But the ban on reporting about the Reyhanli bombing goes far beyond any “confidentiality of investigation” we have ever witnessed in Turkey and signals an extraordinary censorship effort. In this case, the court is banning not only reporting on the prosecutor’s investigation, but also on anything to do with the incident.

It doesn’t seem likely for a prosecutor in a small town to demand such a comprehensive censorship decision from the legal system. It is not hard to imagine that some sort of diplomacy transpired behind closed doors, and that the prosecutor was instructed by the Justice Ministry to file such a demand.

In fact, it is obvious that the AKP government is extremely sensitive not only about this explosion but about anything to do with the crisis in Syria and Turkey’s role in it; hence the effort to wrap a shroud of secrecy around it.

Sezin Oney of the daily Taraf offers interesting insights into other dimensions of this “sensitivity” in a May 13 article:

“The issue of transparency noted at Reyhanli today has been going on for months in regard to the Syrian refugees. According to information from the ministry responsible for the operation of about 20 camps, there are about 192,000 Syrians in those camps. Directive No. 62, which involves the lives of so many people, was prepared by the Interior Ministry a year after the flow of refugees began being kept totally secret from the public. To study this directive, dated March 30, 2012, Amnesty International officially applied to see it in accordance with freedom of information law, while members of the parliament filed similar requests with the National Assembly. But the directive was not shown to anyone on secrecy grounds. This attitude creates suspicions about the camps.’’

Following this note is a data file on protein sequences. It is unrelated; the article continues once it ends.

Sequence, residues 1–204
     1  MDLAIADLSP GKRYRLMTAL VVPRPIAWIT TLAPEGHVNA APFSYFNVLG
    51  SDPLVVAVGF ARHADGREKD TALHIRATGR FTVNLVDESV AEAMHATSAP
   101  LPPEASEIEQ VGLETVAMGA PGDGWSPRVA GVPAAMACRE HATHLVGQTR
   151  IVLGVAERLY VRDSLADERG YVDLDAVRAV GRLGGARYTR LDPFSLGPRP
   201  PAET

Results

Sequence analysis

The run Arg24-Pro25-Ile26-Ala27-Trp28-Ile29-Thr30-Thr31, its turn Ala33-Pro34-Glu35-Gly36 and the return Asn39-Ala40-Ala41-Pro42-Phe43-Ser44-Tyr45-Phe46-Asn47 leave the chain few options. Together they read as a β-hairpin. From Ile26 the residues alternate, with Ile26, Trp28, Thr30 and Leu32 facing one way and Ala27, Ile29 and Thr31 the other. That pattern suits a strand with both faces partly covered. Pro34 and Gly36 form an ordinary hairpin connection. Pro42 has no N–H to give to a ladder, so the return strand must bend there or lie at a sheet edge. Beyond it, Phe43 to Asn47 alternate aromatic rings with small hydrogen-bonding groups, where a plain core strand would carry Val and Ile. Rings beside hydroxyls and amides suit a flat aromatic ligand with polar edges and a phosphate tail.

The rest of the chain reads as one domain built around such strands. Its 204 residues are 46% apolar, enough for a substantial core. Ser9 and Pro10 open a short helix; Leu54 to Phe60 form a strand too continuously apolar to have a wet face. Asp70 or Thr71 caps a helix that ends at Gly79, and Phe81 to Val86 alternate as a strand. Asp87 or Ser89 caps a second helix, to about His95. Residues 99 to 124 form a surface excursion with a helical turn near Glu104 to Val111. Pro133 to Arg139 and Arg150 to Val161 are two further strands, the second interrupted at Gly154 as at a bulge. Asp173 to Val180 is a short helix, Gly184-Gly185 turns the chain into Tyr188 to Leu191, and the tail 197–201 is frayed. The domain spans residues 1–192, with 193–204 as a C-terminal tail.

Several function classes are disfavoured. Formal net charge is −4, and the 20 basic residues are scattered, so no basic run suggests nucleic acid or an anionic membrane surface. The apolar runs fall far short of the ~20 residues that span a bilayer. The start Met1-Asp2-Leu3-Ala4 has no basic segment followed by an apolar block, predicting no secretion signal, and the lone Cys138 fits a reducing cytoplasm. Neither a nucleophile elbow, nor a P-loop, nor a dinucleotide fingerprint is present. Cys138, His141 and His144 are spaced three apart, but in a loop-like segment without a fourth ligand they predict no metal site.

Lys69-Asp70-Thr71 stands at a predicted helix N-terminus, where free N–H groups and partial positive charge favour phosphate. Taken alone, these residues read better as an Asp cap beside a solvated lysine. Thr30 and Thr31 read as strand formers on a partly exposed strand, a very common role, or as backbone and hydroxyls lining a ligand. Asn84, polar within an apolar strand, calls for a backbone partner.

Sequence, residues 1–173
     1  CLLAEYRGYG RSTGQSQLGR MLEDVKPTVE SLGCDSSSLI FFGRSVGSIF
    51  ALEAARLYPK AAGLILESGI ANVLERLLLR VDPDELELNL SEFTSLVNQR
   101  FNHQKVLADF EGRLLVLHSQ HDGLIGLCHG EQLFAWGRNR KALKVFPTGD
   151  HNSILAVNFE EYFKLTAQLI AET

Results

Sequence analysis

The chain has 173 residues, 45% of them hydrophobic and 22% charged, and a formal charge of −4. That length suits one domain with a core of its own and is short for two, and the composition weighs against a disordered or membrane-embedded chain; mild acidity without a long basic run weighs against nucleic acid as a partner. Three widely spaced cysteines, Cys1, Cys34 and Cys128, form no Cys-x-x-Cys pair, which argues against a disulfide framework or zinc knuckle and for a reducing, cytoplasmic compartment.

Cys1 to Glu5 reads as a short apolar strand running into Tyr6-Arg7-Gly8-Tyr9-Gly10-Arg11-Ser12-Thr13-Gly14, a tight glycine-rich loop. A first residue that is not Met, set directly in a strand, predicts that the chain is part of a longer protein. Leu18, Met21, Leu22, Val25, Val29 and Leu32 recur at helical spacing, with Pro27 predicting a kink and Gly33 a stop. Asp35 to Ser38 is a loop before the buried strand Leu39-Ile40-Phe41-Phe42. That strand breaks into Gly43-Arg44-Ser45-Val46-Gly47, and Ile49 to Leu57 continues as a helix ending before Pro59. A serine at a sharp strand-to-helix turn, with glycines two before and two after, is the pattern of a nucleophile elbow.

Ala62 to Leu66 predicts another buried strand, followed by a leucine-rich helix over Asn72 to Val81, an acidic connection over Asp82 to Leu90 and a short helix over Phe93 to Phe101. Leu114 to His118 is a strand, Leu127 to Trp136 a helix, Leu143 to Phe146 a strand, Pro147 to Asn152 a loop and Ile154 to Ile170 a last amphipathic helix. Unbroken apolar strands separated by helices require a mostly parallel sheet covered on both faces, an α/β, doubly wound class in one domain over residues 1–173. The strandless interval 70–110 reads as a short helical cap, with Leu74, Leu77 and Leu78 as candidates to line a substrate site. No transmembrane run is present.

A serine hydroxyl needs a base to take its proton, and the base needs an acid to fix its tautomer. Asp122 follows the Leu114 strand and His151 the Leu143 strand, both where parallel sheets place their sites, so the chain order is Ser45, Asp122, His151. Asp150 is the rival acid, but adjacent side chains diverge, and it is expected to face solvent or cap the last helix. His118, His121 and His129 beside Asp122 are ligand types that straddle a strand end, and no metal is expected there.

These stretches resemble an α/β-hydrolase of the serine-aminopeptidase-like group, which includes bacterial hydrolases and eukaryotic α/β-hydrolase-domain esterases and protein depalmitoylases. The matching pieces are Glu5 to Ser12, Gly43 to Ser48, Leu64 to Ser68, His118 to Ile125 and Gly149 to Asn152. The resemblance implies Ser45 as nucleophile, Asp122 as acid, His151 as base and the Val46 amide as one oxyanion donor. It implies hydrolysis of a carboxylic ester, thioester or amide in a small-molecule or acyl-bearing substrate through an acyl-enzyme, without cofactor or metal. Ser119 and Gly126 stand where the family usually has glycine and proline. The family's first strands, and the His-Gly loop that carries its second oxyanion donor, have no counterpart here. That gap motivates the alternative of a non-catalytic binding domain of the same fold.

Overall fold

It is not only issues related to Syrian refugees that cannot be debated in detail in public, but also Turkey’s role in developments in Syria. There is no court decision about such debates, but it is easy to detect the guarded language preferred by newspapers and television.

The government, worried about having to answer questions on Turkey’s Syria policy in the aftermath of the terror attack, has opted to totally obstruct any such debate through a court decision obtained by manipulating the laws to the extreme.

Orhan Kemal Cengiz is a human rights lawyer, columnist and former president of the Human Rights Agenda Association, a Turkish NGO that works on human-rights issues ranging from the prevention of torture to the rights of the mentally disabled. Since 2002, Cengiz has been the lawyer for the Alliance of Turkish Protestant Churches.

Read More: http://www.al-monitor.com/pulse/originals/2013/05/turkey-syria-censorship-bombing.html

Orhan Kemal Cengiz
Contributor, Turkey Pulse

Orhan Kemal Cengiz is a human rights lawyer, columnist and former president of the Human Rights Agenda Association, a Turkish NGO that works on human rights issues ranging from the prevention of torture to the rights of the mentally disabled. Since 2002, Cengiz has been the lawyer for the Alliance of Turkish Protestant Churches.